BP and Toyota See Reputations Decline
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BP and Toyota See Reputations Decline

Crisis-stricken companies BP and Toyota are the biggest losers in the annual Corporate Reputation study produced by strategic brand and marketing consultancy Prophet.

Holmes Report

Crisis-stricken companies BP and Toyota are the biggest losers in the annual Corporate Reputation study produced by strategic brand and marketing consultancy Prophet. The study ranked the reputations of 145 Fortune 500 companies and found consumers more concerned with ethics and transparency than economic viability, a notable shift from 2009

 

Following the Gulf Oil spill that dominated headlines last year, BP landed at the very bottom of the ranking at 145 from last year's rank of 78; Toyota, after a high-profile recall early in 2010, fell to 139 from 18. But other businesses whose reputations suffered during 2009's economic woes made a significant comeback in 2010. General Motors, for example, jumped to the 85th spot from 123 in 2009, a reputation rebound experienced by the auto industry as a whole.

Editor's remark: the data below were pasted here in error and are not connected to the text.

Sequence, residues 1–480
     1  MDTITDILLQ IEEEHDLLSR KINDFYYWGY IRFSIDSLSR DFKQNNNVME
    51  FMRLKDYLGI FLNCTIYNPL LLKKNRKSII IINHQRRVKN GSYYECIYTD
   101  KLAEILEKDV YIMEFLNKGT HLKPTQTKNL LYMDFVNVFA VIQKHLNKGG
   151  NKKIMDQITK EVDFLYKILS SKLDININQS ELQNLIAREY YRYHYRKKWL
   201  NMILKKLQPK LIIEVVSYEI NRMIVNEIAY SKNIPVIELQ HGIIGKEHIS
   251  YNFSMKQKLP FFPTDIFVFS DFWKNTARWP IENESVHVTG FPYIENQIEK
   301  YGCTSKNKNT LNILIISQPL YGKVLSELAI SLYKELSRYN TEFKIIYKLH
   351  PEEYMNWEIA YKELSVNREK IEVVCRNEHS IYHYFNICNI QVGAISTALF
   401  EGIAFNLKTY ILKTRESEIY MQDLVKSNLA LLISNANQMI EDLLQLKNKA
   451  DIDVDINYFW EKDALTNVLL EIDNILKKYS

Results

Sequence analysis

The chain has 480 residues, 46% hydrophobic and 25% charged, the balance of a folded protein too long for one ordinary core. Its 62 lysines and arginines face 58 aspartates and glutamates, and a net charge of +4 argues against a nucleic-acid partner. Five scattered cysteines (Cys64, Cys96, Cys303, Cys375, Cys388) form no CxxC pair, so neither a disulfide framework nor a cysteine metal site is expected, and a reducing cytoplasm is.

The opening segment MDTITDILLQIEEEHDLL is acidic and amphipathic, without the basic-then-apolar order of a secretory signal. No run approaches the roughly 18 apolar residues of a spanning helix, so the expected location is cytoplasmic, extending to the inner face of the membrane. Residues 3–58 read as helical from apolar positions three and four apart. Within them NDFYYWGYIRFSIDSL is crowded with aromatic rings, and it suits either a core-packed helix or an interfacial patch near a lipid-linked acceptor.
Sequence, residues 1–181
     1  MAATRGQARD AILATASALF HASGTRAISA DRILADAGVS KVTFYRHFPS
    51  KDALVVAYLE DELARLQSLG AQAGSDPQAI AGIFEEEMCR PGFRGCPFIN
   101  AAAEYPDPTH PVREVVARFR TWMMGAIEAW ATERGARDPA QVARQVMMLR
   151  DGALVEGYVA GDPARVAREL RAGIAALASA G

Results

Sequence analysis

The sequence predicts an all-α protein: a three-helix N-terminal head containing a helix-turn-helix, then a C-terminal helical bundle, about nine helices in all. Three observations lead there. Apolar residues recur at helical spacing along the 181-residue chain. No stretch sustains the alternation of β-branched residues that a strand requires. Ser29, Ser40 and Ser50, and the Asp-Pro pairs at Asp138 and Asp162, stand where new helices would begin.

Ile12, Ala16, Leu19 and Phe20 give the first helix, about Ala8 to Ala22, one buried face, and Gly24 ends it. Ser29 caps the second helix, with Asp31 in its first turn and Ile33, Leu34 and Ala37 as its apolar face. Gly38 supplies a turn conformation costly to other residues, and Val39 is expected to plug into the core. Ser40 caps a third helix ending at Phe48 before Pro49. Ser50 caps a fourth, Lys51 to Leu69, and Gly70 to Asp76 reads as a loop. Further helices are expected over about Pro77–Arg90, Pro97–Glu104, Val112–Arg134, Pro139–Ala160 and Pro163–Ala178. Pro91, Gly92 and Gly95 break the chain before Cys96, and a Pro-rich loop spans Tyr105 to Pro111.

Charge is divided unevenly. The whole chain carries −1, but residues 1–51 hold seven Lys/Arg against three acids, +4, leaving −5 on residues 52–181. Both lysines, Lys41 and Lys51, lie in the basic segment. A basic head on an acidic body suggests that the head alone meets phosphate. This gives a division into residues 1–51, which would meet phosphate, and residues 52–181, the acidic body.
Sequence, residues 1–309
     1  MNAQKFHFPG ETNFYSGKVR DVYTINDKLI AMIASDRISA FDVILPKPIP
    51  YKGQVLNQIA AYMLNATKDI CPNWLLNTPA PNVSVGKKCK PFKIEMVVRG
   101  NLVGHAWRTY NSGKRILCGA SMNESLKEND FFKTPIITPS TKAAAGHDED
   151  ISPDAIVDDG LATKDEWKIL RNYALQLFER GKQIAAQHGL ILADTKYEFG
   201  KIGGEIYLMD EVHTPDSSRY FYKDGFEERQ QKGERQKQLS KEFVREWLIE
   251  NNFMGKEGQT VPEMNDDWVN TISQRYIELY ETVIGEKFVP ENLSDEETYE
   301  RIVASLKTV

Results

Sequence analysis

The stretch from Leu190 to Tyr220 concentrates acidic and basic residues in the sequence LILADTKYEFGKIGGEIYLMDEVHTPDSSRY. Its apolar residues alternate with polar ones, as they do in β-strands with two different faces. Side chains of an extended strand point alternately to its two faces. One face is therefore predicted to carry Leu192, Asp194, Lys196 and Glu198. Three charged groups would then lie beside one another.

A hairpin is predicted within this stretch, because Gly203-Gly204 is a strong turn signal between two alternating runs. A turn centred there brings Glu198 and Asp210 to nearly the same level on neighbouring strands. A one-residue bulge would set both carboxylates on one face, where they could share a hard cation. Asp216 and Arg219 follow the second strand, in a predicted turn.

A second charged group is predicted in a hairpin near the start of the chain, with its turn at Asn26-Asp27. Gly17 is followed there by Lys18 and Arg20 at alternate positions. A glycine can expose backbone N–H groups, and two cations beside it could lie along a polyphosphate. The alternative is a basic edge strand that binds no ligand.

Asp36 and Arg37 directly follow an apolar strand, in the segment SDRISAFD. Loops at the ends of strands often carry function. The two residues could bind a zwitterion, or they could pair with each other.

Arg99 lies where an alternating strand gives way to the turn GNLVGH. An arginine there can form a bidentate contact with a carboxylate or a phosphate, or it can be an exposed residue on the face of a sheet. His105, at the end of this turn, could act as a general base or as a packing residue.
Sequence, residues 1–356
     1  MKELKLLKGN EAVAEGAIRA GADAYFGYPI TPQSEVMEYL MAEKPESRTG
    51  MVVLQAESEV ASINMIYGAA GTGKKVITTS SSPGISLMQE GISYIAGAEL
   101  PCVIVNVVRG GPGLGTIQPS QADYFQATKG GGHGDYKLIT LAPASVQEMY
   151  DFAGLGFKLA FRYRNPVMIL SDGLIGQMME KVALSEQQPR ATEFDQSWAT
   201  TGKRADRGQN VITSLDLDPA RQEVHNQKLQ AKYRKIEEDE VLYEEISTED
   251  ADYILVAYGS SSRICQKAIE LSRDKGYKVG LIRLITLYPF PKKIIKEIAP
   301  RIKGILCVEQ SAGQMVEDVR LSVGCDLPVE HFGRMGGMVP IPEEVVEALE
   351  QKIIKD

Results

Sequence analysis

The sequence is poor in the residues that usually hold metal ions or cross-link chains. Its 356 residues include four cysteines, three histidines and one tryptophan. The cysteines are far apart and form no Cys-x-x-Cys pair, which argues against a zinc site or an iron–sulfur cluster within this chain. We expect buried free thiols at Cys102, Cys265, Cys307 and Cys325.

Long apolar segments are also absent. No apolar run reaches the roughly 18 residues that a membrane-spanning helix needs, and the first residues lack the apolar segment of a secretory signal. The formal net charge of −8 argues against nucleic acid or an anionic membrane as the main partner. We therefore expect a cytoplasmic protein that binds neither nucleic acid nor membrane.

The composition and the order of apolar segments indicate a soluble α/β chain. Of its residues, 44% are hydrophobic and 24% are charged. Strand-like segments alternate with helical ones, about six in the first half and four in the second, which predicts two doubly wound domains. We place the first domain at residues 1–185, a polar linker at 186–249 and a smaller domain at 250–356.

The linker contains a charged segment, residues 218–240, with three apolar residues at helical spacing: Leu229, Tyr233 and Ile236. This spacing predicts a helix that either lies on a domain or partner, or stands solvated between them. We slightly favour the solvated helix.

"Our findings reinforce how fragile reputations are, and how much they're influenced by news coverage along with word-of-mouth buzz," says Jeff Smith, the Prophet partner who leads the study. "Add in macro-economic forces and industry-specific factors, and it all combines to make reputation management more challenging than ever before."

 

Two business sectors command a high level of consumer trust and engagement dominating the list's top 25: consumer packaged goods and technology. Kraft edged out Kellogg's for the No. 1 spot, with others in the top 10 including General Mills (4), Sara Lee (17), Coca Cola (8) and Nestle (10). On the tech side, Sony moved up to No. 5, ahead of Amazon (nine) and Apple (13). Google, however, slid to 28 from 10.

 

At the bottom were three sectors that have been under tremendous public scrutiny: oil and gas, healthcare and financial services. The oil and gas industry saw a 10-point drop in its overall score from 2009. ConocoPhillips was its high performer with a ranking of 127. In healthcare, Blue Cross & Blue Shield led the pack. And despite financial services' overall poor-to-failing ratings, individual companies saw marginal reputation improvements. JP Morgan Chase, for example, outperformed nearly all its peers except Wells Fargo, with improvements on all key reputation drivers.

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